Taking a pitcher in the first round is something very familiar to the Washington Nationals. The Nats - and before them, the Expos - had made pitchers their first pick in nine of the past twelve drafts, including Ross Detwiler and Josh Smoker in the past two drafts. The trend continued when they grabbed right-hander Aaron Crow out of the University of Missouri with the ninth overall pick in the draft. With the season over for Missouri, Crow hopes to sign quickly with the Nationals and start his pro career. "I hope to start playing very soon," Crow told ESPN immediately after being drafted.
Repertoire: As he stands now, Crow has three quality pitches, including a mid-90s fastball that has some movement through the strike zone. He's also developed a good, hard slider that clocks in the mid-to-upper 80s and also has good movement. Both pitches are complimented by a change-up that keeps hitters off balance and Crow has good command of all his pitches, but he's most reliable with his fastball.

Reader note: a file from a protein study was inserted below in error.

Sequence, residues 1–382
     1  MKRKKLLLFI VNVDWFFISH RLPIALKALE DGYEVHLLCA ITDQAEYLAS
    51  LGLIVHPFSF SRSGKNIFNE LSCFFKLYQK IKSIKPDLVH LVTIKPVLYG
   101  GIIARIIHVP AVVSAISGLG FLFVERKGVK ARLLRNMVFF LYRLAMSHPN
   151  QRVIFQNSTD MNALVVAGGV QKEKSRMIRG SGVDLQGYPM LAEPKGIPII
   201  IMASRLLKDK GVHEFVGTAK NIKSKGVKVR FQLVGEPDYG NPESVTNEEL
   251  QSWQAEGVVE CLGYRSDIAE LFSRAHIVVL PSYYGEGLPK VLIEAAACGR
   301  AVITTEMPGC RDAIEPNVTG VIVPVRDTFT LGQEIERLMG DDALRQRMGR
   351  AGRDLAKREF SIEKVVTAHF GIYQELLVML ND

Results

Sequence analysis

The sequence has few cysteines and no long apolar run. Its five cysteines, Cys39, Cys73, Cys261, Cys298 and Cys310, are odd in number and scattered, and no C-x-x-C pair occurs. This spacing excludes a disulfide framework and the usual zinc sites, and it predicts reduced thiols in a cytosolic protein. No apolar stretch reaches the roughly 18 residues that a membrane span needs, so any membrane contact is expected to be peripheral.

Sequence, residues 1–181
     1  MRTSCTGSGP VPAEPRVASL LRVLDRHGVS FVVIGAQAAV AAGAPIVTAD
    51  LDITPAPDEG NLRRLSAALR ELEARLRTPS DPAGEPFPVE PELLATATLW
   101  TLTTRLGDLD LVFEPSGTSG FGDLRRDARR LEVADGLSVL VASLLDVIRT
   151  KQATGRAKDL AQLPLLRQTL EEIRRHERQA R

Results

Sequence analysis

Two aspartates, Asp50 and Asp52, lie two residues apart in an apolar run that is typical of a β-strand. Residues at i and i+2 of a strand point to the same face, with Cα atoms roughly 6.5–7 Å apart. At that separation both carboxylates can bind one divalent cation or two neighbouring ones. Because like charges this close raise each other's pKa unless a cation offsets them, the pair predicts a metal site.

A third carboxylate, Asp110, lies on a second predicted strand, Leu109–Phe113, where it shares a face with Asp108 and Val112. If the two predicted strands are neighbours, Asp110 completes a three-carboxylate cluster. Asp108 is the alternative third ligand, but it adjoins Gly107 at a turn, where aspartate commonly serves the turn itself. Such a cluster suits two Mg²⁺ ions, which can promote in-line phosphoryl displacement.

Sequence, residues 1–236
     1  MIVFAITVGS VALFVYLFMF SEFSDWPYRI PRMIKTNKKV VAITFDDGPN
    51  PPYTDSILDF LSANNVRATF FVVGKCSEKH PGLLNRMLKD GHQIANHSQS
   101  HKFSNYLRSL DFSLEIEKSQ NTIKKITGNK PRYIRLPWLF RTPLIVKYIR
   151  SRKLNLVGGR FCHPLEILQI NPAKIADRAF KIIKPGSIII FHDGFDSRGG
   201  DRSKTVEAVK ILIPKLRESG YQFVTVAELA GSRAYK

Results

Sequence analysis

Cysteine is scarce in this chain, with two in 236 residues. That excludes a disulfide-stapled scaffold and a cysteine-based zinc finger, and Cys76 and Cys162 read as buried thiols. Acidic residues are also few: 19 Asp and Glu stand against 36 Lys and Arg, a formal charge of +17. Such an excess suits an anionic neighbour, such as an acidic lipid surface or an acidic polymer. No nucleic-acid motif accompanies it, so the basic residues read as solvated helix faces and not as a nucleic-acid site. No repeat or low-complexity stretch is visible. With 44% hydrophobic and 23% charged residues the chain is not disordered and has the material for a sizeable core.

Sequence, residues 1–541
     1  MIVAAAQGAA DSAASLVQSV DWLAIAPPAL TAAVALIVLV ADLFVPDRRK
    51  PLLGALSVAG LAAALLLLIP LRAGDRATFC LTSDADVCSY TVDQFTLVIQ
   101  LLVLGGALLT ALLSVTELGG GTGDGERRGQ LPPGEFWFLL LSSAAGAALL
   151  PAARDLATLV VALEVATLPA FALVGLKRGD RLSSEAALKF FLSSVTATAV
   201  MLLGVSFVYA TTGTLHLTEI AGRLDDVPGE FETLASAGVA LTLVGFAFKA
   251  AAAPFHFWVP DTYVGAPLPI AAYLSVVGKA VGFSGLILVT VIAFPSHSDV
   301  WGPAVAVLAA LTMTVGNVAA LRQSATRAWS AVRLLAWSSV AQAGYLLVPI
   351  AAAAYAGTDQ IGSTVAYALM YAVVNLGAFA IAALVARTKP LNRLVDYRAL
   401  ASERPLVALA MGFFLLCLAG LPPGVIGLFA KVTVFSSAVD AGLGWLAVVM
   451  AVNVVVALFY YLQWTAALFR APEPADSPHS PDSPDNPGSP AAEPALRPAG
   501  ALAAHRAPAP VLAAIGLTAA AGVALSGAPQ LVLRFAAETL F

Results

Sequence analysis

Pitching Style: Crow doesn't like to waste time or pitches on the mound and tends to go right after hitters. He's got the tools to get them out and mixes his pitches well, but looks most comfortable with his fastball and slider combination. His mechanics are good and he's got an easy and poised look on the mound. He's somewhat deceiving in that his pitches appear even faster than they actually are, thanks to the late explosion that he gets on his pitches. Crow generally pitches deep into starts and maintains velocity and movement throughout.
Projection: It figures that Crow will move pretty quickly and could find himself very near the top of the rotation once he settles into the Majors. Scouts believe that he may have the best pure stuff and the best arm in the draft, especially among the college pitchers that are available.